How Does Physical Harm to the Brain Affect Consumption?

What are the consumer consequences of traumatic brain injuries, strokes, mild cognitive impairments, and so on? These questions will be of growing importance given the incidence of war-related head injuries, a growing appreciation of the incidence of chronic traumatic encephalopathy in sport, and an aging population.

Can Consumption Behavior Be Used to Improve Diagnostic Accuracy, and Track Treatment Progress?

As the study of clinical consumer psychology advances, the accumulated learnings may have value for the treatment of disorders. Specifically, when patterns in consumption behaviors emerge among individuals with extant diagnoses, clinicians observing such behaviors during assessment of new patients may be able to develop more nuanced profiles, potentially aiding diagnostic accuracy, and particularly differential diagnosis. Moreover, when given consumption behaviors result from a clinical condition, decreases in the frequency or extremity of such behaviors may be a signal of the efficacy of ongoing treatment, and may themselves sometimes be a target of therapy.


It is our hope that defining the clinical consumer psychology paradigm and delineating a set of questions for future research will lead readers to share our excitement for the conceptual and social value that work in this space may have. Indeed, developing a robust clinical consumer psychology literature has strong potential to both deepen our understanding of the human experience, as well as to improve it.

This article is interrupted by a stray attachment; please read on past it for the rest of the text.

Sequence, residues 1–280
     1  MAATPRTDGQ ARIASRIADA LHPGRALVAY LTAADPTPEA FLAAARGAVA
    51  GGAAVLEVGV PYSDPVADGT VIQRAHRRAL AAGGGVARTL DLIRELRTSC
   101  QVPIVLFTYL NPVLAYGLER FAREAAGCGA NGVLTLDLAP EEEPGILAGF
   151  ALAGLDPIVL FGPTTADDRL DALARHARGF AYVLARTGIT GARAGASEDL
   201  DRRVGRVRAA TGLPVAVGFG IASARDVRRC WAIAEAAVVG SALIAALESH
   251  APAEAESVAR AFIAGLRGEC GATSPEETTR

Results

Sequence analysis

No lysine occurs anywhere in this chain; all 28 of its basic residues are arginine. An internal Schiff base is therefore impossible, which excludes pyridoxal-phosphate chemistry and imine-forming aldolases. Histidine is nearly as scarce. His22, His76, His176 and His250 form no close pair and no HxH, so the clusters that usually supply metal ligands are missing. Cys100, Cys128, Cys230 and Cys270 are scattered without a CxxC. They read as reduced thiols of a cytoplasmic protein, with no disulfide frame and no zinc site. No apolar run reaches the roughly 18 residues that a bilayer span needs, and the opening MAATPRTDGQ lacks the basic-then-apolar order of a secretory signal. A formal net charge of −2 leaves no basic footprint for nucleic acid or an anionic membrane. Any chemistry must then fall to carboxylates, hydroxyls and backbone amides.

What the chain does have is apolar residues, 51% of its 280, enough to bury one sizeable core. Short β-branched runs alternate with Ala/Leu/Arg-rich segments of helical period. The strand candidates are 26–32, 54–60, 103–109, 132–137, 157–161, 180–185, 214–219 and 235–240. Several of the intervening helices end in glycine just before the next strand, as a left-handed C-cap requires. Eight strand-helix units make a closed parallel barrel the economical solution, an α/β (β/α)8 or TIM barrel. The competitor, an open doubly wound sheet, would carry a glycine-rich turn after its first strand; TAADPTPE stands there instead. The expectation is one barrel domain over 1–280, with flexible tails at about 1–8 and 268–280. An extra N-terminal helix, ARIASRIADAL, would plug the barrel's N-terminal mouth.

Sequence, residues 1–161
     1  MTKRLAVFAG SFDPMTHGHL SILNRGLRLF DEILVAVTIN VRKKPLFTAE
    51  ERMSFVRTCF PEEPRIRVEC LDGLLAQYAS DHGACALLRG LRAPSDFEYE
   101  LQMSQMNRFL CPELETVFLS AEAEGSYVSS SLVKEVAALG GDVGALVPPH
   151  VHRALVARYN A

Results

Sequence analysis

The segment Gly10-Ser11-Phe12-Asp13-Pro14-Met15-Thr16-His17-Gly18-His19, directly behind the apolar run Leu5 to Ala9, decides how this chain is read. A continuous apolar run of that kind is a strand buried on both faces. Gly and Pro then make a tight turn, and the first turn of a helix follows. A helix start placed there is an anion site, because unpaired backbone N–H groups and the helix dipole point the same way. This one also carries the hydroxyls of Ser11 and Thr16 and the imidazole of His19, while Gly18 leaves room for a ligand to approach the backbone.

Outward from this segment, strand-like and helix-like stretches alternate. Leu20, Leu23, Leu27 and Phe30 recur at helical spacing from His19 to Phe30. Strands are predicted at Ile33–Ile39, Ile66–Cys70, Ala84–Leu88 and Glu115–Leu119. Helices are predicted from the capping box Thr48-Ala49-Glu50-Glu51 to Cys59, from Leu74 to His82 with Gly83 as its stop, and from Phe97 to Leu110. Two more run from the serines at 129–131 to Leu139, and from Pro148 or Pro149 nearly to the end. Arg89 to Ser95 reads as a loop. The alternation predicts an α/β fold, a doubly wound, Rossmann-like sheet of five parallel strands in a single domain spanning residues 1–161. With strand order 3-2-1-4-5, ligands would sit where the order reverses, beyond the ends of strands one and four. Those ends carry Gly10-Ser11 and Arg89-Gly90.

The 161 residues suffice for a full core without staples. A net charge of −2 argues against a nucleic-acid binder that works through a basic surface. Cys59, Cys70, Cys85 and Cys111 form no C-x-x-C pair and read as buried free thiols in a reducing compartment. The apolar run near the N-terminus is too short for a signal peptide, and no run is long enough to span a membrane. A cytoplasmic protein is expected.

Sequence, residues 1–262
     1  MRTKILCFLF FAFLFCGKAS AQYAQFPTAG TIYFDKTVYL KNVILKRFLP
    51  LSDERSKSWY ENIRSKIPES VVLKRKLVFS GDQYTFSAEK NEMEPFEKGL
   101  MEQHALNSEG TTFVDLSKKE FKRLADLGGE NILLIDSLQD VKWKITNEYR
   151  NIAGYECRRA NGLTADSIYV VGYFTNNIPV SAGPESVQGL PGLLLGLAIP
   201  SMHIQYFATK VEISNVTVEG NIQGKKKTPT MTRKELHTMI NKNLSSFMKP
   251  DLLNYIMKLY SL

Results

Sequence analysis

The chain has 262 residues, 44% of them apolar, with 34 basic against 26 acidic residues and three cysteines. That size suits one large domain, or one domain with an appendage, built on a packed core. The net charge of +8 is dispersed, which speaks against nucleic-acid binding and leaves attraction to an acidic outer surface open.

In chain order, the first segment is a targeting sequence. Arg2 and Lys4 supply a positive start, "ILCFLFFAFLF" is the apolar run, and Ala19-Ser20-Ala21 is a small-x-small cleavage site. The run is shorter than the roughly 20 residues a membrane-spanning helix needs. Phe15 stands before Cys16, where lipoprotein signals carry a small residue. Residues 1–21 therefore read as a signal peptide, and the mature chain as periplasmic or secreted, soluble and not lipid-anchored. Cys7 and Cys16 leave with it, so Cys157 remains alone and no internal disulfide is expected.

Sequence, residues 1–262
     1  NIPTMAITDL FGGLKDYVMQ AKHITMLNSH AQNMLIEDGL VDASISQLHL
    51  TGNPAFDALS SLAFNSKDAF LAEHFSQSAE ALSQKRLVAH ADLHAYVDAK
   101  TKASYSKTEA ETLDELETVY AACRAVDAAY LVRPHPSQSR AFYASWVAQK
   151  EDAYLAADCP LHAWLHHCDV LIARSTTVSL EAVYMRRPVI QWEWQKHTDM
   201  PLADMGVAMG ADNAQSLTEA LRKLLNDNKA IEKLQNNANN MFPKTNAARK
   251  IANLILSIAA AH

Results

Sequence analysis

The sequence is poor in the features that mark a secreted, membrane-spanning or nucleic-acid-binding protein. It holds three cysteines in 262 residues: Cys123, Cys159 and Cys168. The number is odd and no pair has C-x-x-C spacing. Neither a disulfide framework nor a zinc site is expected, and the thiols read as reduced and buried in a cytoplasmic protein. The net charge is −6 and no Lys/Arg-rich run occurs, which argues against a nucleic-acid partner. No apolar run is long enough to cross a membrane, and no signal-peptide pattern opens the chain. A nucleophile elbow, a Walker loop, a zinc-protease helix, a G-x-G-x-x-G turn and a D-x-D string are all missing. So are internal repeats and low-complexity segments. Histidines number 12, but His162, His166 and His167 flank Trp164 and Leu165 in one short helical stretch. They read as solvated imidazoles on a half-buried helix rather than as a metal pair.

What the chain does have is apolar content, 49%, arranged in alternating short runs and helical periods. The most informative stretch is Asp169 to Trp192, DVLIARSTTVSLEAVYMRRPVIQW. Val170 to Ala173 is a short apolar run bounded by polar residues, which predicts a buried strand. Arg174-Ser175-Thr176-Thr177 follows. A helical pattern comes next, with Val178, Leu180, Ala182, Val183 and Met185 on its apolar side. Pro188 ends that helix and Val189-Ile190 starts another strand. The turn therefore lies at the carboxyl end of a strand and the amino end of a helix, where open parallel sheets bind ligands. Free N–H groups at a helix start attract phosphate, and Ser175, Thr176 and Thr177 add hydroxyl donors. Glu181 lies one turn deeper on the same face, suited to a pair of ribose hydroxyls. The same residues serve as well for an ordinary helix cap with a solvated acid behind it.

Author Contributions

SP wrote the manuscript. All authors contributed to the conceptual development of the manuscript, and read and approved the submitted version.


All funding for this paper was provided by Vanderbilt University through SP’s research account.

Conflict of Interest

The authors declare that the research was conducted in the absence of any commercial or financial relationships that could be construed as a potential conflict of interest.

Publisher’s Note

All claims expressed in this article are solely those of the authors and do not necessarily represent those of their affiliated organizations, or those of the publisher, the editors and the reviewers. Any product that may be evaluated in this article, or claim that may be made by its manufacturer, is not guaranteed or endorsed by the publisher.


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Keywords: clinical psychology, consumer welfare, judgment and decision making, marketing, social cognition

Citation: Posavac SS, Posavac HD, Gaffney DR and Kardes FR (2022) Toward a Clinical Consumer Psychology. Front. Psychol. 13:904843. doi: 10.3389/fpsyg.2022.904843

Received: 26 March 2022; Accepted: 31 May 2022;
Published: 23 June 2022.

Edited by:

Lorenz S. Neuwirth, SUNY Old Westbury, United States

Reviewed by:

Thomas Zoëga Ramsøy, Neurons Inc., Denmark

Copyright © 2022 Posavac, Posavac, Gaffney and Kardes. This is an open-access article distributed under the terms of the Creative Commons Attribution License (CC BY). The use, distribution or reproduction in other forums is permitted, provided the original author(s) and the copyright owner(s) are credited and that the original publication in this journal is cited, in accordance with accepted academic practice. No use, distribution or reproduction is permitted which does not comply with these terms.

*Correspondence: Steven S. Posavac,

Disclaimer: All claims expressed in this article are solely those of the authors and do not necessarily represent those of their affiliated organizations, or those of the publisher, the editors and the reviewers. Any product that may be evaluated in this article or claim that may be made by its manufacturer is not guaranteed or endorsed by the publisher.